'Indigenisation law flawed'

HARARE - The indigenisation policy, which has been largely blamed for scaring away investors, has exposed government’s confusion and inconsistencies, as President Robert Mugabe last week tasked parliamentarians to amend the law.

The flawed and controversial law has been prone to misinterpretations, with Cabinet ministers routinely at each other’s throats, disagreeing on how to interpret it.

During his speech at the opening of the fourth session of the eighth Parliament on Thursday, Mugabe said the law should be amended so that it becomes clear.

“It will be recalled that I issued a statement to clarify government’s position regarding the Indigenisation and Economic Empowerment policy on April 11, 2016. The relevant Act will thus be amended to bring into consonance with the enunciated policy position,” Mugabe said.

Mugabe, in April, admitted there were conflicts regarding the interpretation of the Indigenisation and Economic Empowerment Policy admitting that it had caused confusion among Zimbabweans, the business community and investors.

Instead of a 51 percent demand from foreign investors, Mugabe said, the policy should approach the three economic sectors — natural resources sector, non-resources sector and the reserved sector — differently.

“As such, in terms of the policy, government and or its designated entities, will hold a 51 percent stake in businesses in the natural resources sector, with the remaining 49 percent, belonging to the partnering investor(s). The need for investors in this sector to comply with the prescribed indigenisation obligations is therefore non-negotiable,” Mugabe said in April.

“Where government does not have 51 percent ownership, compliance with the Indigenisation and Economic Empowerment Policy should be through ensuring that the local content retained in Zimbabwe by such businesses is not less than 75 percent of gross value of the exploited resources.

“Local content here refers to the value retained in Zimbabwe in the form of wages, salaries, taxation, community share ownership schemes, and other activities such as procurement and linkage programmes.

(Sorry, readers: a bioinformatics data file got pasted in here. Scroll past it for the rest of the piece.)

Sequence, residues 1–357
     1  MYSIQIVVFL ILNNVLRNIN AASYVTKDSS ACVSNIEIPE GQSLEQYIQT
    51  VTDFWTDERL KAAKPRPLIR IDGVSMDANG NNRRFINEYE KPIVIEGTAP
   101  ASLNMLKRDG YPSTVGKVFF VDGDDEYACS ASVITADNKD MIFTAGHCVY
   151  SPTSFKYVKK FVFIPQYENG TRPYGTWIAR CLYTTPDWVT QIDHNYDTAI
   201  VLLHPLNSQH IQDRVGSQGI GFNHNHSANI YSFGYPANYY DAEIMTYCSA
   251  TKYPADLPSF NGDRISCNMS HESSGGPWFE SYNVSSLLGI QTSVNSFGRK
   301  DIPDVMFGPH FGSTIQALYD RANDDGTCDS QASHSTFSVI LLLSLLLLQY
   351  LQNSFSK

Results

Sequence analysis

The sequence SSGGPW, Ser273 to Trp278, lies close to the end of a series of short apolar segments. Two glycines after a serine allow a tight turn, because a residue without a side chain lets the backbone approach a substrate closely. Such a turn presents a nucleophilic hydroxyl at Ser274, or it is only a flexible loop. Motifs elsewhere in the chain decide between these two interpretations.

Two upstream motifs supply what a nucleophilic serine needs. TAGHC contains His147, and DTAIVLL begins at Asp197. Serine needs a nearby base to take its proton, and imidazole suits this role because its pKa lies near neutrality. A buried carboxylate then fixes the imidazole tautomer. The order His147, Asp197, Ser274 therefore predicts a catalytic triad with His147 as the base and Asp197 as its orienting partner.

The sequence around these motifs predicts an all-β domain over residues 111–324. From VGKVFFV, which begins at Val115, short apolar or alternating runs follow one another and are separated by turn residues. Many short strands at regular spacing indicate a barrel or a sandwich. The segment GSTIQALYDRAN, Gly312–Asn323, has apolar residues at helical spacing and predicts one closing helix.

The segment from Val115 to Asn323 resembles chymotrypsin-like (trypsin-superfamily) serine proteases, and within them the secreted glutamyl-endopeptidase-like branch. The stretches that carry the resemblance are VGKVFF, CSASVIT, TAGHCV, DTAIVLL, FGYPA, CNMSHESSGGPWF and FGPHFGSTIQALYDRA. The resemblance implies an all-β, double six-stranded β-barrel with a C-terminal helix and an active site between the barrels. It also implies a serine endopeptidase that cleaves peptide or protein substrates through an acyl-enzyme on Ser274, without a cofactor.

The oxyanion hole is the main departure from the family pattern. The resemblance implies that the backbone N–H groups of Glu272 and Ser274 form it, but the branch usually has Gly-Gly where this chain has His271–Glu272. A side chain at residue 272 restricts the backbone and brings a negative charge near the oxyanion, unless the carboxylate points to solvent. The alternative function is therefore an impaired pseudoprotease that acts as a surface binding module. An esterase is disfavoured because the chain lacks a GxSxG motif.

On the non-resource, sector Mugabe said: “based empowerment credits or quotes will be granted to reflect the contribution of investors in such businesses to the national development efforts.

“This will be agreed upon through negotiations involving the relevant line ministers and the private investors. The role of the minister of  . . . Indigenisation is to coordinate the activities of line ministries in the implementation of the policy through the relevant Cabinet committee, which he chairs”.

“The banking sector shall continue to be under the auspices of the Banking Act, which is regulated by the Reserve Bank of Zimbabwe, and the insurance sector under the auspices of the Provident and Insurance Act.

“These institutions will, nonetheless, be expected to make their contributions by way of financing facilities for key economic sectors and projects, employee share ownership schemes, linkage programmes and such other financial empowerment facilities as may be.”

During Thursday’s speech, the nonagenarian lamented the country’s economic situation, whose worsening he has been blamed for.

“Our economy faces a number of challenges, which include the subdued aggregate demand, liquidity constraints, high interest rates, subdued foreign direct investment and limited fiscal space.

“This too, is further compounded by low revenue collections arising from depressed production, rampant revenue leakages, as well as poor mineral commodity prices on the global market.

“As a consequence, the economy registered a gradual decline, with the estimated growth rate for 2016 now projected at 1,2 percent.

“Government, in the context of the ZimAsset, is implementing a battery of initiatives to address the prevailing economic challenges,” Mugabe said.

Among the Bills set to be debated by Parliament in this session are the Constitutional Court Bill, Rural District Councils Bill, Traditional Leaders Bill, the Prisons Bill, and the Marriages Bill, Coroner’s Office Bill as well as the Judicial Laws Amendment Bill and the Public Health Bill among others.

Post a comment

Readers are kindly requested to refrain from using abusive, vulgar, racist, tribalistic, sexist, discriminatory and hurtful language when posting their comments on the Daily News website.
Those who transgress this civilised etiquette will be barred from contributing to our online discussions.
- Editor

Your email address will not be shared.